Connect with Scott on Google+ - you can reach Scott at scott@squarewheels.com

Follow Scott’s posts on Pinterest: pinterest.com/scottsimmerman/
Scott’s blog on People and Performance is here.

Square Wheels are a trademark of Performance Management Company
LEGO® is a trademark of the The LEGO Group

 

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A Compendium of Posts on Team Building Events and Design

This blog now contains over 400 posts, with many of these covering various aspects of designing group team building events. Some of these simply push my team building exercise focused on collaboration and leadership – The Search for The Lost Dutchman’s Gold Mine. But many of them focus on the general issues around designing and delivering effective large group events focused on meeting desired outcomes and engaging and involving people for workplace improvement.

Large Group Team Building Event

With this post, I wanted to generate a compendium of posts around some of the key issues faced when designing one of these expensive programs. Bring executives into one venue, housing and feeding them for a day or two, and bringing in presenters and doing all the logistical work to manage the venue can costs hundreds of thousands of dollars or more.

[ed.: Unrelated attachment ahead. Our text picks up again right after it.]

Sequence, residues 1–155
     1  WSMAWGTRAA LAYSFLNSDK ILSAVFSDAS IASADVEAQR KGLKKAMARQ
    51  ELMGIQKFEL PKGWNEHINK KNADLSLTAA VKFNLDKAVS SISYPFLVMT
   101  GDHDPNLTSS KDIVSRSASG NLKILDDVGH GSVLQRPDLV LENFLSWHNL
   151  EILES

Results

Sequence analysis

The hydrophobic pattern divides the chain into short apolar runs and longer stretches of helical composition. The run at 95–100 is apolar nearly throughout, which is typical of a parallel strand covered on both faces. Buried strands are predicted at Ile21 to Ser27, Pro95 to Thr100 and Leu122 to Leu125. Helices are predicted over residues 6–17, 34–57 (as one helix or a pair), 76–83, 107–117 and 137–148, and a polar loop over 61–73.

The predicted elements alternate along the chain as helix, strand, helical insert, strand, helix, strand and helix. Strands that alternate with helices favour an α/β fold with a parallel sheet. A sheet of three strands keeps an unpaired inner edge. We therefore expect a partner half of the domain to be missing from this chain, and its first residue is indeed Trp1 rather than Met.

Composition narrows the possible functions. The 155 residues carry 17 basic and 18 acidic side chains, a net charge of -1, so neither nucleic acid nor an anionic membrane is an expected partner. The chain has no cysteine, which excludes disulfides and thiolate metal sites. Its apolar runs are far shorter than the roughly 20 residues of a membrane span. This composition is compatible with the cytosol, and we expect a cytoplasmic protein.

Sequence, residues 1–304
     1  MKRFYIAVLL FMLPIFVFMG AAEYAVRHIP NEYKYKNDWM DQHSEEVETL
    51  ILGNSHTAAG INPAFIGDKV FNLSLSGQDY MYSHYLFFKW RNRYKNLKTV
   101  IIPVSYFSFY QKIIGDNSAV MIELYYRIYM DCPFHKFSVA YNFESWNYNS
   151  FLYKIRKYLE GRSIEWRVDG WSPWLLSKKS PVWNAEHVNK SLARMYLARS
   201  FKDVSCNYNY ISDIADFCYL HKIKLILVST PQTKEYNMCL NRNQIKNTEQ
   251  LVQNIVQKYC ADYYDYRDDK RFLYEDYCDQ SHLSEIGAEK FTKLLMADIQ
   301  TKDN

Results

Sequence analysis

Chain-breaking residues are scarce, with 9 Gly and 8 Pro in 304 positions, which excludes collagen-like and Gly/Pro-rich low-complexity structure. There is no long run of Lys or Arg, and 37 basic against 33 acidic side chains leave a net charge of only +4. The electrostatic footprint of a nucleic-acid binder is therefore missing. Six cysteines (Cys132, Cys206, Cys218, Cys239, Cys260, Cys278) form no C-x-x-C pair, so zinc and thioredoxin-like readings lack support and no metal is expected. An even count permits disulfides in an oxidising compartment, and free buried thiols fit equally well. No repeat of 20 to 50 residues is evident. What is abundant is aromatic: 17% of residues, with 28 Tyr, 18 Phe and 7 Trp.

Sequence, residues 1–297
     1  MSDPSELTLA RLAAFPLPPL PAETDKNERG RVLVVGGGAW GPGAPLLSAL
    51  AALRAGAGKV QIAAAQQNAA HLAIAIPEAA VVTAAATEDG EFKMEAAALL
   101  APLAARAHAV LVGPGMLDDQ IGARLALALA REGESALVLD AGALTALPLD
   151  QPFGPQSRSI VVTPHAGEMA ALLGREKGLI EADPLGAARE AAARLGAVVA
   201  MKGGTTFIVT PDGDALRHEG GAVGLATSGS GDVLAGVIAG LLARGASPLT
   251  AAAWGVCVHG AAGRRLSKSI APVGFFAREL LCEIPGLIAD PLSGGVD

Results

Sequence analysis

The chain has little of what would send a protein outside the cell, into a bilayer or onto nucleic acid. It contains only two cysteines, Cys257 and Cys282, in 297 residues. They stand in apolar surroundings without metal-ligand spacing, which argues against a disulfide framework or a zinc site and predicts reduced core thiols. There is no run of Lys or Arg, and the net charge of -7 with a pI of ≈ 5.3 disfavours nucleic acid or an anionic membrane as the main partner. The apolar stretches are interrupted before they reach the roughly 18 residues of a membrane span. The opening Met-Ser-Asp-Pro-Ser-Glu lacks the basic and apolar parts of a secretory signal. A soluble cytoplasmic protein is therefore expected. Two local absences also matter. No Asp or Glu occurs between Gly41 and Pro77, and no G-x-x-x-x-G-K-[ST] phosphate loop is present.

So, here are some resources and ideas for optimizing your successes:

Large Group, Off-Site Team Building Event Ideas

Some thoughts on teamwork and alignment and choices you can make in the design of events to maximize desired outcomes. It is focused on experiential learning, and avoiding senior manager presentations where there are other alternatives for sharing that data.

Having an Off-Site Company Meeting? Ideas for Success

This is probably the most detailed article in my blog around the general issues of meeting success for off-site company events. If offers up a number of bullets on structural factors for optimizing impacts and includes the writings of other experts.

Thoughts on Hiring the Right Presenter for a large event